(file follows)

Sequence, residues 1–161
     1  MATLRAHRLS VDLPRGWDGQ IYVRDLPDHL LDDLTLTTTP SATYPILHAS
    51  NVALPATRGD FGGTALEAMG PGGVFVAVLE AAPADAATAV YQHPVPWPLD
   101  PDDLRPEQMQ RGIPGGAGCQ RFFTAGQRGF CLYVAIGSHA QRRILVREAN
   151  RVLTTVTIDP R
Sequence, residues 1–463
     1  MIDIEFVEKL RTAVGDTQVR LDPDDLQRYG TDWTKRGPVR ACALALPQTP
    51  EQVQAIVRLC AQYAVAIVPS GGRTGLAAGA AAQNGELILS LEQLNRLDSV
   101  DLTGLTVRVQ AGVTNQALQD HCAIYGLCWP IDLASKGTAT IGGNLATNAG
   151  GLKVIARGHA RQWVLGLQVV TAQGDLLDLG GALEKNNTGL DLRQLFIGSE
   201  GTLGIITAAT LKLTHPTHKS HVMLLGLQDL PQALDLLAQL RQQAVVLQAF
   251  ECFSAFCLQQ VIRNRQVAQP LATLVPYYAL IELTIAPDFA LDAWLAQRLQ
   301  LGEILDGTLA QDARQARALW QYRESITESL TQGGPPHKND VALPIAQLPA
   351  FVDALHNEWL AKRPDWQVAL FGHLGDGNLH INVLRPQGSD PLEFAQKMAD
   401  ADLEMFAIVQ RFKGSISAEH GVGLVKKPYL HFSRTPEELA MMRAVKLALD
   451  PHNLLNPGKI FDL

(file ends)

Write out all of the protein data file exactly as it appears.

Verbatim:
Sequence, residues 1–161
     1  MATLRAHRLS VDLPRGWDGQ IYVRDLPDHL LDDLTLTTTP SATYPILHAS
    51  NVALPATRGD FGGTALEAMG PGGVFVAVLE AAPADAATAV YQHPVPWPLD
   101  PDDLRPEQMQ RGIPGGAGCQ RFFTAGQRGF CLYVAIGSHA QRRILVREAN
   151  RVLTTVTIDP R
Sequence, residues 1–463
     1  MIDIEFVEKL RTAVGDTQVR LDPDDLQRYG TDWTKRGPVR ACALALPQTP
    51  EQVQAIVRLC AQYAVAIVPS GGRTGLAAGA AAQNGELILS LEQLNRLDSV
   101  DLTGLTVRVQ AGVTNQALQD HCAIYGLCWP IDLASKGTAT IGGNLATNAG
   151  GLKVIARGHA RQWVLGLQVV TAQGDLLDLG GALEKNNTGL DLRQLFIGSE
   201  GTLGIITAAT LKLTHPTHKS HVMLLGLQDL PQALDLLAQL RQQAVVLQAF
   251  ECFSAFCLQQ VIRNRQVAQP LATLVPYYAL IELTIAPDFA LDAWLAQRLQ
   301  LGEILDGTLA QDARQARALW QYRESITESL TQGGPPHKND VALPIAQLPA
   351  FVDALHNEWL AKRPDWQVAL FGHLGDGNLH INVLRPQGSD PLEFAQKMAD
   401  ADLEMFAIVQ RFKGSISAEH GVGLVKKPYL HFSRTPEELA MMRAVKLALD
   451  PHNLLNPGKI FDL